Deone Bucannon is fast enough to have played safety at Washington State and physical enough to have shifted to inside linebacker with the Arizona Cardinals.
Along the way, he has studied another player with similar physical gifts: Seattle Seahawks safety Kam Chancellor.
“He’s really in the box the same way,” Bucannon said this week as the Cardinals prepared for their Sunday game against the Seahawks. “He gets back, and he gets at half field, middle field, he gets in the box. He does it all. … As far as a big safety that goes in the box and punishes linemen, take on pulling guards and always sticking his head in the fire and being a physical player, definitely Kam Chancellor is one of the guys I always watch.”
Before this season, the two worked out together.
“Yeah, I trained with him during the offseason this last season,” Bucannon said. “I … just tried to get all the tidbits I can out of him.”
The second-year pro seems to be learning fast. Bucannon leads the Cardinals with 103 tackles, including three sacks. He has forced three fumbles and has one interception, which he returned for a touchdown.
The pick-six came Dec. 20 against the Philadelphia Eagles and helped earn Bucannon his first NFC defensive player of the week award.
“He’s been physical,” Seattle cornerback Richard Sherman said. “He’s been similar to Kam in that respect. Obviously, it’s difficult to emulate what Kam does, but he’s incredibly aggressive and he gets the job done.”
As a senior at WSU, Bucannon led the Cougars in tackles and interceptions. He was a first-team All-American and a semifinalist for the Jim Thorpe Award, honoring the nation’s top defensive back.
“I know him as a downhill player,” said Seahawks rookie receiver Kevin Smith, a former Washington Husky who remembers Bucannon from Apple Cups. “Tries to be a hard-hit safety. (He’s like Chancellor) probably the size-wise, and the athletic ability to move and be fast — faster than linebackers, really.”
Arizona selected Bucannon with the 27nd overall pick of the 2014 draft. He’s listed as a safety on the Cardinals’ roster. But he has played inside linebacker — or really more of an every-down hybrid role — as coach Bruce Arians has tried to fit his 11 best defensive players on the field together.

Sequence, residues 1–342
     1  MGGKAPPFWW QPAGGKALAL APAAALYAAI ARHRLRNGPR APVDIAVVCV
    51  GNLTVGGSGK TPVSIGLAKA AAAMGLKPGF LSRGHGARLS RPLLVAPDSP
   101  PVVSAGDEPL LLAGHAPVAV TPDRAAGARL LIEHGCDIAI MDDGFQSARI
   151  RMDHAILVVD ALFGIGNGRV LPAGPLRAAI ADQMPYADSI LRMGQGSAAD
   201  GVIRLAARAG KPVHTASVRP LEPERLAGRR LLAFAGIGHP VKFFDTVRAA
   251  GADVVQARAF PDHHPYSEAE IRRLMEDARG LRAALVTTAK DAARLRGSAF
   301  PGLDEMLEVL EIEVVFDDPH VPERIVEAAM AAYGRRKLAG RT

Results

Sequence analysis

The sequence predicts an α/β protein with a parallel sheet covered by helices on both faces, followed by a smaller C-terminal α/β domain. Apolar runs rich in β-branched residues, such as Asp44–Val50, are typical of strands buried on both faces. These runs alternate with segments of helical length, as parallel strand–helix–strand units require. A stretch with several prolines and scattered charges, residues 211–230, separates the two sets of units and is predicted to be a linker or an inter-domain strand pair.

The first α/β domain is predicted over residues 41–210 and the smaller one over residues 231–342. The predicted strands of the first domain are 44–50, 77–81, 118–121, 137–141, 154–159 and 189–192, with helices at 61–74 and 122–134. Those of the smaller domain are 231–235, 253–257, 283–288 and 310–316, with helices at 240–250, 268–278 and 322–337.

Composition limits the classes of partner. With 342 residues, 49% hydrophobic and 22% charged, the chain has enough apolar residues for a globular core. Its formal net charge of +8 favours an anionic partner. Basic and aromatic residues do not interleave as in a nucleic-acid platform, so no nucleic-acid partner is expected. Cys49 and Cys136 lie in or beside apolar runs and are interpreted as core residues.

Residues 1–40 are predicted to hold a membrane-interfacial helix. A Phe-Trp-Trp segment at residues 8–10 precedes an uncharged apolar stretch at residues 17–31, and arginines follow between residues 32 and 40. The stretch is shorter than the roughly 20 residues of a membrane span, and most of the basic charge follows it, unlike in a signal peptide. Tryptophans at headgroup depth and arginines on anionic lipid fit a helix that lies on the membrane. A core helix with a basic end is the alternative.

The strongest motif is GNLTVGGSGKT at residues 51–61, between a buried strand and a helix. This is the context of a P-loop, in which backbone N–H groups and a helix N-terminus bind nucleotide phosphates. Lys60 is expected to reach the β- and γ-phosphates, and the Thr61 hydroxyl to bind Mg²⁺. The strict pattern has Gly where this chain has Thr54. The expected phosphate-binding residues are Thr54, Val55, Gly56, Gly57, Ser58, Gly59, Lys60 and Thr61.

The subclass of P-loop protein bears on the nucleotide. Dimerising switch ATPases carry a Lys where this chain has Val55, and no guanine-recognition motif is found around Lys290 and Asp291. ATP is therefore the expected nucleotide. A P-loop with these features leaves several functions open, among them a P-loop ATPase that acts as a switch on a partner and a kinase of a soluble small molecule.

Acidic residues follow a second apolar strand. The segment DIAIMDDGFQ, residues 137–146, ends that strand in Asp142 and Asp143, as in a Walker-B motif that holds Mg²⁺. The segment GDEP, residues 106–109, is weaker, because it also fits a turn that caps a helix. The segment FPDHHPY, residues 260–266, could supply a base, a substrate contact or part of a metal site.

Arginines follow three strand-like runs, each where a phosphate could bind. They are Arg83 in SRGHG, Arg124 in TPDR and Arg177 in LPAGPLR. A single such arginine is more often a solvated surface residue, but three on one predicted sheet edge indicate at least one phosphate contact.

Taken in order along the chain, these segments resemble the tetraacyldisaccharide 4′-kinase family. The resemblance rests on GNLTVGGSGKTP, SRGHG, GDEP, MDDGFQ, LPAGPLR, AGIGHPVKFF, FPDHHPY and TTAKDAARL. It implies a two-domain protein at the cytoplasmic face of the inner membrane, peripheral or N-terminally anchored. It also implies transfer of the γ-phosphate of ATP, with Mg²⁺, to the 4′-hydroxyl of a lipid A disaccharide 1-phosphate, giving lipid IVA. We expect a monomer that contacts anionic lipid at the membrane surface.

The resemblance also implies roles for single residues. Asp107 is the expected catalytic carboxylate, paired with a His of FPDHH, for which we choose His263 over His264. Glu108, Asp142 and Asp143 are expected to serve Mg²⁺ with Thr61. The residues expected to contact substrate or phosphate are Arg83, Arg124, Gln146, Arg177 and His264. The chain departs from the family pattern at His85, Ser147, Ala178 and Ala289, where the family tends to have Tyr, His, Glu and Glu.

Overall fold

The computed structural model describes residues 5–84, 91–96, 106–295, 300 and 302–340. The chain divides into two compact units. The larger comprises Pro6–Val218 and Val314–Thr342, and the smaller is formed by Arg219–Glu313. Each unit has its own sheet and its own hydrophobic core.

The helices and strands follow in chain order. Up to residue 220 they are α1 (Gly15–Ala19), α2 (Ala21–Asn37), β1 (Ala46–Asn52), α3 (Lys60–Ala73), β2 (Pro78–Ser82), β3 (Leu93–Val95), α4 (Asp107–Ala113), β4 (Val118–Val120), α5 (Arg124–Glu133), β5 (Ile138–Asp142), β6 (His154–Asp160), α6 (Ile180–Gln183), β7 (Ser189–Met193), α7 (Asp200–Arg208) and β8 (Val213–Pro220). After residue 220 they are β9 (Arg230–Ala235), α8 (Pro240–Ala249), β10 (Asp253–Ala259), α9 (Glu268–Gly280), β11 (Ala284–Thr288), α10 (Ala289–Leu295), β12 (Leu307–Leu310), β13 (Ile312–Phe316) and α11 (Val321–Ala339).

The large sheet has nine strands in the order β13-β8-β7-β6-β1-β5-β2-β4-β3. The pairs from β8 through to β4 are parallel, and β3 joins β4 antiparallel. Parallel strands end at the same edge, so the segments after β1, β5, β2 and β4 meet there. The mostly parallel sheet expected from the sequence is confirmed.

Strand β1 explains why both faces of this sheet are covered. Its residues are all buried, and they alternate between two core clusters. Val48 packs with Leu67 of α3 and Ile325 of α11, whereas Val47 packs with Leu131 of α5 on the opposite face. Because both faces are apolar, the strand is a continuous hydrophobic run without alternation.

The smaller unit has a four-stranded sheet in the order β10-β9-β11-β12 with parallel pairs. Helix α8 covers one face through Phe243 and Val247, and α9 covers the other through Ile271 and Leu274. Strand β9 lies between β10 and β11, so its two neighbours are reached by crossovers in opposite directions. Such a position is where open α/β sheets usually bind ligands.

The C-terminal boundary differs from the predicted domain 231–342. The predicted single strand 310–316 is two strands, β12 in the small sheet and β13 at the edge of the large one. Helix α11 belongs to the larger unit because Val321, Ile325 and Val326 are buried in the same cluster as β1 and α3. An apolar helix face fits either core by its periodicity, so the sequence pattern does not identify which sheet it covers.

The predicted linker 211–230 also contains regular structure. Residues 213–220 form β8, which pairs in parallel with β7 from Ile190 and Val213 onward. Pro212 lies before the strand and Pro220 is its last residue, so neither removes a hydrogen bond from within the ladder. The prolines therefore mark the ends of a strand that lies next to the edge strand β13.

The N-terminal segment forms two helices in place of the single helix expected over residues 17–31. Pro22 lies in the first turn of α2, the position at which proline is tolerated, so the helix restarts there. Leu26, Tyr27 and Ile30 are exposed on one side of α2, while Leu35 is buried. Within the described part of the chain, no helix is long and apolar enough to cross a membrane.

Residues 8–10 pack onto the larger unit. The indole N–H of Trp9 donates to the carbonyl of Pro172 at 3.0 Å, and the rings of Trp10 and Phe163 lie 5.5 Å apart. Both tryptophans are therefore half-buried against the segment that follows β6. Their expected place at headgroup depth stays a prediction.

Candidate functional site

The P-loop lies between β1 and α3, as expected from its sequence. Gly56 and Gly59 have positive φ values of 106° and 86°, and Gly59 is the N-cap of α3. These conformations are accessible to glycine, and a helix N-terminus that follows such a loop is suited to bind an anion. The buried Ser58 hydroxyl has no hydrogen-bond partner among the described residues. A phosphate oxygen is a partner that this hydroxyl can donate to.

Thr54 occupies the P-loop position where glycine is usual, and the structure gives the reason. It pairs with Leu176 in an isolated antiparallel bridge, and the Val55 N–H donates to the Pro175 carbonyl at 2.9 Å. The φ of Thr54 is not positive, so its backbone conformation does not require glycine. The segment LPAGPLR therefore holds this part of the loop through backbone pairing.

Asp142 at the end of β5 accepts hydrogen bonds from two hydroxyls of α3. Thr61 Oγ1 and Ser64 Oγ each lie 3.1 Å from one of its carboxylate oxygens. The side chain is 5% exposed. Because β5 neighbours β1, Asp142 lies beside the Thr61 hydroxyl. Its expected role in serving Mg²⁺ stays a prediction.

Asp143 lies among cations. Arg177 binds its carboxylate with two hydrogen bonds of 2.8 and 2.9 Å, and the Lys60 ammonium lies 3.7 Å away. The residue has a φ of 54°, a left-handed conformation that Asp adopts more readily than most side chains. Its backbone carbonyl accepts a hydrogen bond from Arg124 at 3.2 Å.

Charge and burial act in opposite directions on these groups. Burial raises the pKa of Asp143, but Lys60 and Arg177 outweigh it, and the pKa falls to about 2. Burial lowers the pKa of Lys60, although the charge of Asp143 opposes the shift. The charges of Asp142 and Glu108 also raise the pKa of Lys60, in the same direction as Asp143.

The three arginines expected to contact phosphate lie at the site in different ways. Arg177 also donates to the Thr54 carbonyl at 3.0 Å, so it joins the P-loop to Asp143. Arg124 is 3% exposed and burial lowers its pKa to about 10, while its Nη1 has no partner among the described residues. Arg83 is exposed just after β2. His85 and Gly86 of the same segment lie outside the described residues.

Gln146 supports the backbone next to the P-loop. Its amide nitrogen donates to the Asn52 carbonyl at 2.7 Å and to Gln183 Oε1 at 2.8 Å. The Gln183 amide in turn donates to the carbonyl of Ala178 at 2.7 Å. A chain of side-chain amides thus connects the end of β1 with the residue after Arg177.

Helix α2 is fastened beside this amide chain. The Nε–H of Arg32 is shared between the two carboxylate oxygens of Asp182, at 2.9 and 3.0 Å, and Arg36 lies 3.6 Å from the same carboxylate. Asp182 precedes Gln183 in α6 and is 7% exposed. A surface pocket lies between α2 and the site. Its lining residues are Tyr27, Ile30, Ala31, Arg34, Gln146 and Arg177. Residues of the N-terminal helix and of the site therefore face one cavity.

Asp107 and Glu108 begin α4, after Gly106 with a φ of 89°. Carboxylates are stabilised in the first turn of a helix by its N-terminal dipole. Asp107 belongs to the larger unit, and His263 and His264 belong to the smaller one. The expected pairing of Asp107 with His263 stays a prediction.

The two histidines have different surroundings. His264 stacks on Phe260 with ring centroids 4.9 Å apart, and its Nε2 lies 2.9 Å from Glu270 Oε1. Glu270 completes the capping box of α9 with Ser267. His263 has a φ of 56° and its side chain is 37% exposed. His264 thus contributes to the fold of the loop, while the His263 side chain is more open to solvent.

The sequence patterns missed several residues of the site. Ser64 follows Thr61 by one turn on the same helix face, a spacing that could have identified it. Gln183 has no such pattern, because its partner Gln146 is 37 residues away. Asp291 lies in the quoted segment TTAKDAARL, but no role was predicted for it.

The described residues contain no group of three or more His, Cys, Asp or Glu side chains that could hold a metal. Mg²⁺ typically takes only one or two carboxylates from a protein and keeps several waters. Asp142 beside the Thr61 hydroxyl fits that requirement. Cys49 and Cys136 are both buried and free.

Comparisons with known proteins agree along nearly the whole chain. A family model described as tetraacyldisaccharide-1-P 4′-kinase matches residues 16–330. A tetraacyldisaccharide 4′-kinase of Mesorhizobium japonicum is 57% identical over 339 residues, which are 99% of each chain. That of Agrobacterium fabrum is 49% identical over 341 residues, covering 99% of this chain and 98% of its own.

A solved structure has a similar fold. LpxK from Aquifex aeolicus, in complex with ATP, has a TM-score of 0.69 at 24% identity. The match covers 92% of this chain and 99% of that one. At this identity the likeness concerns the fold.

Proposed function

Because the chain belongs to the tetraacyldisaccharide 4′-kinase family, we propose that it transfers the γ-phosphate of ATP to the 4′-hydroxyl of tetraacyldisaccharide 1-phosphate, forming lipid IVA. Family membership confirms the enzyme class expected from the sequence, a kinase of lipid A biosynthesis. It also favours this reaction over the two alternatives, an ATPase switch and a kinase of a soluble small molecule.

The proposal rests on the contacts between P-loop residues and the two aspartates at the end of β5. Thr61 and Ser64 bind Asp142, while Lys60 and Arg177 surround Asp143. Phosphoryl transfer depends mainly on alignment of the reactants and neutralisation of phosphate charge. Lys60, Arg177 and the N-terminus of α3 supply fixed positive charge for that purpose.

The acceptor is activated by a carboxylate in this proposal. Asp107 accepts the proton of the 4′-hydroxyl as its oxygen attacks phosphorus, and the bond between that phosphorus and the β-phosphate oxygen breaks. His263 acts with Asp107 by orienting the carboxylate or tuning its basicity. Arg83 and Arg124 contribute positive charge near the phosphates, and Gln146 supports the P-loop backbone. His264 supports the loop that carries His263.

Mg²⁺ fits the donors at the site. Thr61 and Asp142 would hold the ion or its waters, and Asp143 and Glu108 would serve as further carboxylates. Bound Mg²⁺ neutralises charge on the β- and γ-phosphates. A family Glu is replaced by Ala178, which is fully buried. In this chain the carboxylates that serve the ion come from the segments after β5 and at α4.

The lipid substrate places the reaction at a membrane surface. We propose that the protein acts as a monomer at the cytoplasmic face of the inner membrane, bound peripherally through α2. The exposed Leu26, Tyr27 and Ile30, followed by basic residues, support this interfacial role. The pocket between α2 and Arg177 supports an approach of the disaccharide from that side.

“A lot of people don’t know that I haven’t really played any safety in the league yet,” Bucannon said this week. “My rookie year, I was in the box as well — the nine games that I started last year. I’ve been playing linebacker.”
He credits Cardinals linebacker Kevin Minter and inside linebacker coach Larry Foote with easing his transition.
“You have a lot less time to diagnose plays,” Bucannon said. “You’ve got 3 to 5 yards as opposed to at the safety position you have 10 to 15 yards. At linebacker, it happens a lot faster. The biggest thing really is just understanding gap assignments … and how pulling guards affect your gaps.”
This season has marked a breakthrough not only for Bucannon, but for his team. When the Cardinals conclude the regular season at home this weekend, they already will have the NFC West championship in their pocket and will be playing for a chance at the top seed in the conference, depending on the result of the Tampa Bay-Carolina game, which will play out at the same time.
“Everything’s going right,” Bucannon said. “But there is going to be a time when something goes wrong. We’re going to have to respond. … We’re going to respond in a great way because of the relationship we have on this team with each other. … We keep that mentality and know the sky is the limit for us.”
There is another way that this has been a good season for Bucannon, who also noticed that a lot went right with his alma mater, which concluded a 9-4 season with a 20-14 win over Miami last weekend in the Sun Bowl.
“(WSU coach Mike Leach) has done a fantastic job, from what we were and how far we’ve come,” he said. “… Honestly, it’s a whole different culture change out there, and I’m looking forward to watching them continue their success in the future.”